LONDON — South Korea’s Daewoo Shipbuilding and Marine Engineering has won a 452 million pound ($715.2 million) deal to equip Britain’s Royal Fleet Auxiliary (RFA) with new military tankers.
The South Korean yard has been named preferred bidder to build, in South Korea, four 37,000-ton auxiliary oilers using a design from leading British naval consultants BMT Defence Services.
The British Ministry of Defence said no British companies had submitted final bids to build the vessels.
Local industry here would benefit to the tune of about 150 million pounds from equipment, design, customization and other contracts, the MoD said.
Bernard Gray, the boss of the MoD’s procurement arm, the Defence Equipment and Support organization, said the selection “offered the best operational capability at the lowest whole-life cost.”
The MoD declined to name the losing bidders, but industry sources here said Daewoo beat out competition from Hyundai of South Korea and Fincantieri of Italy.
Despite that, Jim Murphy, the opposition Labour Party’s shadow defense secretary, criticized the deal for not buying British.
“This is more bad news for British industry. First, we lose out to France over fast jets and now, we lose out to South Korea over Royal Navy tankers.
“The government does not have an active defense industrial strategy. I’d like to see more of our defense industry with a ‘made in Britain’ stamp on it. The country will want the government to do more to support British industry,” he said.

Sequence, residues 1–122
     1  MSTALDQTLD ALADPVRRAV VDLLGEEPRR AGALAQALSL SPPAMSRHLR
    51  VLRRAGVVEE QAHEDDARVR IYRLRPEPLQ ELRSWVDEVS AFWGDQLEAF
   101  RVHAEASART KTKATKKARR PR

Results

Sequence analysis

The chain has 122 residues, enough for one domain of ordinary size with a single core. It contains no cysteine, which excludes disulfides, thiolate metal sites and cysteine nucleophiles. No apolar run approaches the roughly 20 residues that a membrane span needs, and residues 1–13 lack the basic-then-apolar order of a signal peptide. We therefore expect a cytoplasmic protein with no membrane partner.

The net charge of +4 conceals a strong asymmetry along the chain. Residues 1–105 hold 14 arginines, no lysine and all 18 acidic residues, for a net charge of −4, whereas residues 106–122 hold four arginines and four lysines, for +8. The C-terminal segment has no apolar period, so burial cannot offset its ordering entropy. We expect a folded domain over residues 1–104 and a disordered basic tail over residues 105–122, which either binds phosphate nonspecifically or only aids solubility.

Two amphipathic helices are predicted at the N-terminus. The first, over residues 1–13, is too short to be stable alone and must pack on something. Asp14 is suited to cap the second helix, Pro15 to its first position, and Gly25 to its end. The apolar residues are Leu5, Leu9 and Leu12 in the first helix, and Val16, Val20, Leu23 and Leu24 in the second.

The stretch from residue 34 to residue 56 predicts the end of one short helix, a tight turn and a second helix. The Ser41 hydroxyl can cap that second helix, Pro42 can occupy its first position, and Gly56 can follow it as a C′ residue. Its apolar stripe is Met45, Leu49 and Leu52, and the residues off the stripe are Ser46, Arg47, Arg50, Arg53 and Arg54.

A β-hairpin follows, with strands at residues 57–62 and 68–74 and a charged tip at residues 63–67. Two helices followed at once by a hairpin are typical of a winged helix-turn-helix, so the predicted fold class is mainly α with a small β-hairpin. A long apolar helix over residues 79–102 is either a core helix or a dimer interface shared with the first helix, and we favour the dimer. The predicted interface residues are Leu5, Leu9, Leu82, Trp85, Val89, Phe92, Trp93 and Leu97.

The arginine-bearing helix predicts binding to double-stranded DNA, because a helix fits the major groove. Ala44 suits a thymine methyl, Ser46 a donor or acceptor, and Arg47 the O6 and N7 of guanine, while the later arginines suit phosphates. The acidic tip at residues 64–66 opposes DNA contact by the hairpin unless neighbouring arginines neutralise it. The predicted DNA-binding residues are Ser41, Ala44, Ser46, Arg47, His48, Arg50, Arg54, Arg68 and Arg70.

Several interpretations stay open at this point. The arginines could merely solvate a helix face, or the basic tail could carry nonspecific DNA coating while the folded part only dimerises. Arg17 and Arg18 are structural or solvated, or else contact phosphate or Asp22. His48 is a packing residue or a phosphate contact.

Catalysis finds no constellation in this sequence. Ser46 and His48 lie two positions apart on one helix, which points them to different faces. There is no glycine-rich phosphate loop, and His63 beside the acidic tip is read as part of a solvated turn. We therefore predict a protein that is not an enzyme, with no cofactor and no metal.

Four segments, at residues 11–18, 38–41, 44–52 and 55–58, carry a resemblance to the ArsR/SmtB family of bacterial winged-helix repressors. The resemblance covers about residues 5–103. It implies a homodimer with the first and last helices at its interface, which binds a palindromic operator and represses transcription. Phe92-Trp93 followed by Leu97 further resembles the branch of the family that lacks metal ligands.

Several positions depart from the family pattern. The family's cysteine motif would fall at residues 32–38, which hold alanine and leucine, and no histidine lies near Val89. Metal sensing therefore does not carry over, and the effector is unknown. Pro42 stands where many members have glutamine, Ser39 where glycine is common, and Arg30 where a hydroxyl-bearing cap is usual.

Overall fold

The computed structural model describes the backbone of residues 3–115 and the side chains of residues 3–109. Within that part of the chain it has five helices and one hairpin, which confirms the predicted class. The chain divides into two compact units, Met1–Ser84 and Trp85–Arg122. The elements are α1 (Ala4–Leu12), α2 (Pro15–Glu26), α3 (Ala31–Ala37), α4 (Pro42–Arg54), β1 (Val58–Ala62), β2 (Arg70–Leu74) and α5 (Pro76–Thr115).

A recent government white paper on defense industry policy created some concern, saying it would focus more on open competition and off-the-shelf procurement in the future.
Sang-Tae Nam, the president and chief executive of Daewoo Shipbuilding, said in a statement, “This significant win in the U.K., coupled with our recent Indonesian submarine order, helps to further broaden our international business credentials. Exporting these MARS tankers to the U.K. adds to our already strong and competitive portfolio, and we have no doubt that the great and longstanding relationship between DSME and BMT will be strengthened by this success.”
The first of the double-hulled vessels is scheduled to be delivered to the RFA in 2016 and, for the moment, the oilers are the only visible part of a Military Afloat Reach and Sustainability (MARS) program for the British that at one time was planned to cover 11 logistics ships at a cost of around 2.5 billion pounds.
Oilers, fleet solid support ships and sea-based logistics vessels were all part of a program that got underway as far back as 2002 to revitalize RFA capabilities beginning in 2011.
A spokeswoman for the Ministry of Defence said that fleet solid support ships continued to be part of the MARS program.
“A way forward for the solid support ships will be announced in due course,” she said.
The original requirement for six oilers was reduced to four at the time of the British government’s 2010 strategic defense and security review, in line with heavy cuts to the Royal Navy’s fleet of surface warships.
The MARS ships will replace old, single-hulled oilers, and the new vessels will join two existing Wave-class double-hulled fleet tankers that meet International Maritime Organisation pollution regulations.
The deal gives BMT Defence Services “a massive boost in further proving our design and engineering expertise. ... The global market for auxiliary vessels will remain strong over the next couple of decades, and the selection of our Aegir design puts Britain in pole position for championing our design and know-how around the world,” said Managing Director Muir Macdonald.